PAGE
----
Rep. Jo Ann Emerson (R-Mo.) will retire from the House in February of next year, cutting her tenure short to become president and CEO of the National Rural Electric Cooperative Association and setting off a Republican frenzy for her seat.
Emerson will become CEO of the NRECA on March 1, according to a spokesman for the association, but she will join the staff and start transition activities on Feb. 11. The group is the trade organization for the nation's nearly 1,000 mostly rural electric cooperative utilities.
Once Missouri Gov. Jay Nixon has been notified of the vacancy, in February, the Missouri secretary of state's office will inform the 8th District Republican Committee, and the committee, which is made up of 80 members, will have to come together within two weeks to nominate a candidate to run in a special election.
The governor will set a date for the special election, and is required to give 10 weeks’ notice of that date.
Emerson, who was elected to a ninth term in November, has won most of her elections with a wide margin of support, and has outperformed GOP presidential candidates in previous years. The district is heavily Republican, and whoever is nominated by the district GOP committee will likely go on to take the seat.
Missouri GOP executive director Lloyd Smith, a former Emerson chief of staff, told The Hill he is considering a bid, and one Republican strategist in the state said Smith will have the nomination in the bag if he decided to run.
"If Lloyd Smith wants it, everybody else gets out of the way. If he doesn't, Peter Kinder gets it," the strategist said. The strategist added that the two would not likely run against each other for the position.
Kinder, the lieutenant governor, said in a statement that he is "certainly giving careful thought and consideration to this opportunity" and that he would be in touch with members of the 8th District GOP committee before he announced an official run.
"While it would be an honor to serve, this is a committee decision, and over the coming weeks I will be communicating directly to the members to gauge support for my potential candidacy. It is important to let the committee process take its course, and only after talking to committee members will I make a decision on whether to seek the nomination," he said.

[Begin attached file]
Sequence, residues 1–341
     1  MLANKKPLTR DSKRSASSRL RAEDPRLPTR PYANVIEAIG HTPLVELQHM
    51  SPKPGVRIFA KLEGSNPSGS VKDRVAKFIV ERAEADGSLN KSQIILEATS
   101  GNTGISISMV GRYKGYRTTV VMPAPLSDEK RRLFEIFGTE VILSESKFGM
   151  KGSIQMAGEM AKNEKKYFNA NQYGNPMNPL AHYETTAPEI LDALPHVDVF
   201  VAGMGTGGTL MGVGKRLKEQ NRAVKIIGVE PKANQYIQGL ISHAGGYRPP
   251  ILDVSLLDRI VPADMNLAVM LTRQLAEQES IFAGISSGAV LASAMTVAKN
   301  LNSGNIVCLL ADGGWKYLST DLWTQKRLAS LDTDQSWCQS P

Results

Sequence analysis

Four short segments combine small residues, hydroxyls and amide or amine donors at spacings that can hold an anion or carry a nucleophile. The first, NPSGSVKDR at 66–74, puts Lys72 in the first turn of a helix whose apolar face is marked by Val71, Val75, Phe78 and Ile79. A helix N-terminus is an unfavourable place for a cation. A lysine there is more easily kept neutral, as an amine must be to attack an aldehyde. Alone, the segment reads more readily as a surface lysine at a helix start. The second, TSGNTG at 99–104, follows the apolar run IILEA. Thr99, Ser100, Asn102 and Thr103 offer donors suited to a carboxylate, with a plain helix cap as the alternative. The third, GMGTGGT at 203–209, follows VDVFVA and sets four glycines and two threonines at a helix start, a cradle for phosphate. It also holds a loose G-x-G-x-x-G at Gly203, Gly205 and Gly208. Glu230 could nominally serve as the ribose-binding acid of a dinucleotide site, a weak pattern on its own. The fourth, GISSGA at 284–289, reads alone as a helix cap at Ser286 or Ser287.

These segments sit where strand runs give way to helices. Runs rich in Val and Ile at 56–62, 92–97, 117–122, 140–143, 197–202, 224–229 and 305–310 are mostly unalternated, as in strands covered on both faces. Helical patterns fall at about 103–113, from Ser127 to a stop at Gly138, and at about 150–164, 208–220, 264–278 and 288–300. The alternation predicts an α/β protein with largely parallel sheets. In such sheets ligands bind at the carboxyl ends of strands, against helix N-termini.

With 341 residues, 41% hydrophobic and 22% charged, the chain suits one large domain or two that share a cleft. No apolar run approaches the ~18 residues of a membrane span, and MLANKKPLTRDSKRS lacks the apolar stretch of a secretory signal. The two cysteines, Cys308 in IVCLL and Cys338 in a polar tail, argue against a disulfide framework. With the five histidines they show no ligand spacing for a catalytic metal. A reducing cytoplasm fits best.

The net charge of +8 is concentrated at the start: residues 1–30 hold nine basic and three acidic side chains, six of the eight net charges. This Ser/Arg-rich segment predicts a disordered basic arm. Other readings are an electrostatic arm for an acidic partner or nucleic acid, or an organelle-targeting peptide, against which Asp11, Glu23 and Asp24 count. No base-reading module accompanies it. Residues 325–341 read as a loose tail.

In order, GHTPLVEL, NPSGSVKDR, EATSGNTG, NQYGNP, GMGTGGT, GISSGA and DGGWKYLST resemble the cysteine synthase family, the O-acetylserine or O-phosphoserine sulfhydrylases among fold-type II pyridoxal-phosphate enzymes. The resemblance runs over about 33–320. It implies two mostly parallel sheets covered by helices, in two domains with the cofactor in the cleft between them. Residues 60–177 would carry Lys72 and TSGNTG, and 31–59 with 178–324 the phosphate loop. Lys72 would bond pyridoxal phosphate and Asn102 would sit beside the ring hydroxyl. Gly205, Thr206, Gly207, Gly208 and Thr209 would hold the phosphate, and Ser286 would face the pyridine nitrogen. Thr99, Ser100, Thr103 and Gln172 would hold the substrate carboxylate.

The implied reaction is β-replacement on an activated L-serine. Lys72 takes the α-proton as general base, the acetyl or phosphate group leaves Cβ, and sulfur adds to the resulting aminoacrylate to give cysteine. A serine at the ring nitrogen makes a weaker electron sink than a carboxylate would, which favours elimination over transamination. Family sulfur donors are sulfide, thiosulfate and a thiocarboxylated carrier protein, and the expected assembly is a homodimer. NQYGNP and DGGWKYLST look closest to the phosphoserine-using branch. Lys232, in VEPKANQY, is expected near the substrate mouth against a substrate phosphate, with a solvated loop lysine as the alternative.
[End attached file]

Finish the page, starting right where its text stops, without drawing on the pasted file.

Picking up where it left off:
Sarah Steelman, a former Missouri state treasurer and a primary opponent to Rep. Todd Akin (R-Mo.) in his 2012 bid for Senate, will be running for the seat, according to her campaign treasurer, Jeff Layman. The GOP strategist said, however, that she's unlikely to win the nomination, unless multiple candidates throw their hats in the ring.
"She could split the vote and win the five-way, but I don't see that coming yet," the strategist said.
Other possible contenders include state Rep. Todd Richardson and state Sens. Jason Crowell and Kevin Engler.
Emerson, on a conference call with reporters on Monday, said she won't get involved in the special election, and wouldn't indicate whether she favored any one candidate.
"I will have no input whatsoever" in the nominating process, she said. "I think that it's my responsibility to allow the 8th district congressional committee to evaluate all interested candidates for the position ... and I need to stay out of it."
In an earlier statement, the lawmaker said she "did not go seeking" the opportunity with the trade group, but is excited to join the organization.
"I am not leaving Congress because I have lost my heart for service — to the contrary — I see a new way to serve. I did not go seeking this opportunity, but I am excited about the new challenge it offers to find ways to promote strong rural policy," she said.
She added in a conference call that she couldn't remember at what point the company contacted her for the position, but that "I think that the only serious discussions have been lately," post-election.
The NRECA executive board voted to approve her for the post on Monday, and Emerson announced her resignation shortly after. She said that her compensation in the new position is "more generous than I'm making now."
Emerson is known as one of the more centrist Republicans in the House, and throughout her 16-year tenure has broken with her party on issues ranging from stem cell research to setting a timeline to withdraw troops from Iraq.
Democrats decried her resignation as evidence of what they consider to be the GOP's increasingly rightward tilt.
“Congresswoman Emerson is the latest moderate Republican to ditch House Republicans, a sign that no moderates are welcome in the Tea Party House Republican Caucus," said Jesse Ferguson, spokesman for the Democratic Congressional Campaign Committee.
Incoming National Republican Congressional Committee Chairman Greg Walden (R-Ore.) lauded her service in a release, calling Emerson "a principled, determined voice for Missouri families and small-business owners."
Emerson said she had no plans to run for public office again in the future.
— This story was updated at 3:39 p.m.